When President Trump spoke on May 11 about his grand plan to lower drug prices, he singled out one particular bad actor with a particularly villainous name: “the middleman.”
“We’re very much eliminating the middlemen,” said Trump during his Rose Garden remarks that day. “The middlemen became very, very rich, Right? (Applause.) Whoever those middlemen were — and a lot of people never even figured it out — they’re rich. They won’t be so rich anymore.”
While the President mentioned a list of those who might qualify for this epithet—“drug makers, insurance companies, distributors, pharmacy benefit managers”—it was the last of these that got the most attention.
At issue, says the Trump Administration in its 44-page blueprint for lowering drug prices, “American Patients First,” isn’t quite that the PBMs are getting rich. (In point of fact, Mr. Trump tends to like that quality.) Rather, the “hidden negotiation and wealth transfer between drug manufacturers and PBMs,” which is now leading to “a direct increase on consumer out-of-pocket spending that likely decreases drug adherence and health outcomes.”
Subscribe to Brainstorm Health Daily, our newsletter about the most exciting health innovations.
FDA Commissioner Scott Gottlieb was even blunter in a speech the week before the president—suggesting that these hidden negotiations might even be “kickbacks”:
“To take one example, one of the dynamics I’ve talked about before that’s driving higher and higher list prices, is the system of rebates between payers and manufacturers. And so what if we took on this system directly, by having the federal government reexamine the current safe harbor for drug rebates under the Anti-Kickback Statute? Such a step could help restore some semblance of reality to the relationship between list and negotiated prices, and thereby boost affordability and competition.”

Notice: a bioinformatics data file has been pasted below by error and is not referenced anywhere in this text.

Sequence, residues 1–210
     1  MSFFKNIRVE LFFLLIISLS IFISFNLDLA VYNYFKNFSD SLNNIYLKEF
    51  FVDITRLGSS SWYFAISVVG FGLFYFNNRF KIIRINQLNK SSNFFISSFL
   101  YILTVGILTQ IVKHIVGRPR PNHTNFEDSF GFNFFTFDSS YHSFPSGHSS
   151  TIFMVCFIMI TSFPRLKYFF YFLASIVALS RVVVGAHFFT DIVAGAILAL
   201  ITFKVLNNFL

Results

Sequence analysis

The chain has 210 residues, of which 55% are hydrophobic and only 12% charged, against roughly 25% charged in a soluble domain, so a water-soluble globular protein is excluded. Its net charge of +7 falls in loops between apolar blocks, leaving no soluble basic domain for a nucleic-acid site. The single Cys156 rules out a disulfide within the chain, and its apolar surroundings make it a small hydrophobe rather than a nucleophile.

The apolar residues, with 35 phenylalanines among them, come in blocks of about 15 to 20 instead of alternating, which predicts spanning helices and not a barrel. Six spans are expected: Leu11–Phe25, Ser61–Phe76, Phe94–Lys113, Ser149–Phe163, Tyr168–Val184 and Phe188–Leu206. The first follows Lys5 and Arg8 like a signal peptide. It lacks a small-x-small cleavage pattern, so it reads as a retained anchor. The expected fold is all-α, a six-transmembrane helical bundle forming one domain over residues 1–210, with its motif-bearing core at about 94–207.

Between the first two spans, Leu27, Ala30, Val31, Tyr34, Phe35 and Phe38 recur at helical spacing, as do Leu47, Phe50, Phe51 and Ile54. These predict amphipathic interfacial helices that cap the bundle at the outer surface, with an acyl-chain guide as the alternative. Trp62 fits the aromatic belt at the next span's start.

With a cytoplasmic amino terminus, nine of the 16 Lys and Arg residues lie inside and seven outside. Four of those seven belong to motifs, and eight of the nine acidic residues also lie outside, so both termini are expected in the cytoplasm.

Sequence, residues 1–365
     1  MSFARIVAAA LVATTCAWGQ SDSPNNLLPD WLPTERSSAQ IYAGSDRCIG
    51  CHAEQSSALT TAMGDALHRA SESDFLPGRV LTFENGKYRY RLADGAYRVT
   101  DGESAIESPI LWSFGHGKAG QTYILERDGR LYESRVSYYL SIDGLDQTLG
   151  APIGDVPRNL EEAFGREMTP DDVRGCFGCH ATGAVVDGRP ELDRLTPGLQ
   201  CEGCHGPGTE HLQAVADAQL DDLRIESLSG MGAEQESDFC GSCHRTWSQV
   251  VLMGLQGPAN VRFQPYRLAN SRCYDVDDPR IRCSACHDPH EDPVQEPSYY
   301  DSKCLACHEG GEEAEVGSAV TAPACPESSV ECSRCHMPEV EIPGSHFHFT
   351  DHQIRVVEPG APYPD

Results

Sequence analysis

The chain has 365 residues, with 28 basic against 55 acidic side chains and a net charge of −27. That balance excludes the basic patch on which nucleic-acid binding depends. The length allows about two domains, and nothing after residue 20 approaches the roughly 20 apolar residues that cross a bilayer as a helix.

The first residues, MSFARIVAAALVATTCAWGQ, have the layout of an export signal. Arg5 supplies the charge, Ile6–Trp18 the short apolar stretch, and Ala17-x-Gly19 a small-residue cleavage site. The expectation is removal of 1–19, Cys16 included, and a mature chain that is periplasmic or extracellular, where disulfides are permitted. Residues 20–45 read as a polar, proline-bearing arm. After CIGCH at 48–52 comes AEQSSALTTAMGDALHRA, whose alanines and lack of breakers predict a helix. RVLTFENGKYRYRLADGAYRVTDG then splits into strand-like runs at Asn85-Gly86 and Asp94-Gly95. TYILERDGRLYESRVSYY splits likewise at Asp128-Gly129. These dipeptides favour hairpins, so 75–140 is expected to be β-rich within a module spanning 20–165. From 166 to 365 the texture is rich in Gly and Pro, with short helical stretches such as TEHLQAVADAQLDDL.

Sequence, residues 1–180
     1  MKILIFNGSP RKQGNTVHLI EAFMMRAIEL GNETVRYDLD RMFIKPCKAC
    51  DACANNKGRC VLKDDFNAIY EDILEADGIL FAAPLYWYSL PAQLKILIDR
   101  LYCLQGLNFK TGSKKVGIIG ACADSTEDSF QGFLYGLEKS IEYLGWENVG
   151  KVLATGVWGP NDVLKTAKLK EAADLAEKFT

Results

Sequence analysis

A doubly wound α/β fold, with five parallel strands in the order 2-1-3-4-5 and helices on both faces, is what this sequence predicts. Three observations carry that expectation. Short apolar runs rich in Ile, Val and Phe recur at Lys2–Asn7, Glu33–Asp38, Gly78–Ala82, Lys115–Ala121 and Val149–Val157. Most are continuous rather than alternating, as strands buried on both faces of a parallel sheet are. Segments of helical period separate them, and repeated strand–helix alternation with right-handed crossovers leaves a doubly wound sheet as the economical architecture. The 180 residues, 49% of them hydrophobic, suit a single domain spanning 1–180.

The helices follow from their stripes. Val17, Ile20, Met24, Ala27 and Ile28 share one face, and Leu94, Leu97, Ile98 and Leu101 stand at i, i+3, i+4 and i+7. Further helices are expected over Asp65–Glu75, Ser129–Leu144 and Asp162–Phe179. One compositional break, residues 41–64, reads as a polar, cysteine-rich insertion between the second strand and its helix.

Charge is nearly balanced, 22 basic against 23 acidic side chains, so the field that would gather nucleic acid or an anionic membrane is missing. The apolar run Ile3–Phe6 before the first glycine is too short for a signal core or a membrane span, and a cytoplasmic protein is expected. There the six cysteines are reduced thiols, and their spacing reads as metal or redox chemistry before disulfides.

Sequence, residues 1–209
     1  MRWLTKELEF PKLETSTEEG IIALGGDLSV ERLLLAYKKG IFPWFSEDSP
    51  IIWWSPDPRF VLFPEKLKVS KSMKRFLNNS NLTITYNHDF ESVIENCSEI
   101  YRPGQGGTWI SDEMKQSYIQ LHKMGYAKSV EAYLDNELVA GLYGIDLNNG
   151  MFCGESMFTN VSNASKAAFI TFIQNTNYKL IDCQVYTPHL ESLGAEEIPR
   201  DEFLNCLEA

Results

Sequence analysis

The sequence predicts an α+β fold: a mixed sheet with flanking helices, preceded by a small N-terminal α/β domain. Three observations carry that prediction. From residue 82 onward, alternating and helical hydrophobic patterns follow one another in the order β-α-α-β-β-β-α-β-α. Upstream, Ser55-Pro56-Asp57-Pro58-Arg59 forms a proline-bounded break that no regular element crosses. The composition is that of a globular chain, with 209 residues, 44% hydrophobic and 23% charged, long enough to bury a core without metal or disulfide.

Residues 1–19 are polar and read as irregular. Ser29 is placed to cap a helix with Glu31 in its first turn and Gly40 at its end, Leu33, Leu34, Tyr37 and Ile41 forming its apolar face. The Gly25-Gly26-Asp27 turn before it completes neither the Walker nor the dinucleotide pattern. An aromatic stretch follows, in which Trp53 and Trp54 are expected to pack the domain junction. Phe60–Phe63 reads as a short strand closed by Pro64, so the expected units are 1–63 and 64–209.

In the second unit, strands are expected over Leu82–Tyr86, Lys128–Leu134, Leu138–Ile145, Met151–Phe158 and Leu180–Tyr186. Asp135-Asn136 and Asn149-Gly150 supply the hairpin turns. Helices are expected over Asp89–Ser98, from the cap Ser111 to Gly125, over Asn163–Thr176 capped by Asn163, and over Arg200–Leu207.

I won’t get into the nitty gritty of what exactly PBMs do. You can read my previous Brainstorm Health essay here and—definitely—read Katherine Eban’s 2013 feature in Fortune, “Painful Prescription,” here.
But in any case, I agree with the President and with Commissioner Gottlieb, the PBM business at large deserves extra scrutiny right now.
Notably, however, this may come from various states before it comes from Uncle Sam. Earlier this month, the Connecticut legislature easily passed its own bill to control prescription drug costs, Public Act No. 18-41, which is awaiting the signature of Governor Dannel Malloy. That bill, among other things, requires PBMs, beginning in 2021, to report to the state’s insurance commissioner any rebates they receive, including drug formulary rebates collected from pharmaceutical companies—and disclose what share goes to consumers.
And last week, the Chicago Tribune reported that officials were investigating whether PBMs in the Windy City were “violating the city’s deceptive marketing act,” as well as a so-called “gag rule” that prevents pharmacists from revealing key information that would be valuable to consumers—such as “when a customer’s prescription would cost less if purchased outside their insurer or pharmacy benefit manager’s plan,” city officials said.
The winds of change, even outside of Chicago and Hartford, are clearly swirling when it comes to PBMs. Count on new legislation from various quarters on this front. The rules may not make all of the backroom price dealing on drugs wholly transparent at first—but a little more light will surely help a bit.